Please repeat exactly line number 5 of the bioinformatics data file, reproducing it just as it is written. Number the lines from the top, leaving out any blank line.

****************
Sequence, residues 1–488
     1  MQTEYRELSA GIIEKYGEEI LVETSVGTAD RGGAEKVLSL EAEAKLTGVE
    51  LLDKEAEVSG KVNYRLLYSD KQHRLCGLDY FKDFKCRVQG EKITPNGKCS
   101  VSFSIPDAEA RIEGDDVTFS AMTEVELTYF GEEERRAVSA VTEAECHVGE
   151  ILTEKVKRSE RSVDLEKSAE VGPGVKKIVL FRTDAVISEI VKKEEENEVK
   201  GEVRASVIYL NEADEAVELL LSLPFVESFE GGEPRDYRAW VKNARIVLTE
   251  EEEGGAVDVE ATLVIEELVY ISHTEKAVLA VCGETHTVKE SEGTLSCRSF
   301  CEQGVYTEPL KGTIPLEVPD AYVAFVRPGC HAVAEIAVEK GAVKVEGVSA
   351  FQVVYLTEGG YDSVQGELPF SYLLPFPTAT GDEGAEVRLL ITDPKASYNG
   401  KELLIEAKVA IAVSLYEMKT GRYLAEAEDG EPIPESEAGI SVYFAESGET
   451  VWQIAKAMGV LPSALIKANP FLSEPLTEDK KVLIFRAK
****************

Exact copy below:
   151  ILTEKVKRSE RSVDLEKSAE VGPGVKKIVL FRTDAVISEI VKKEEENEVK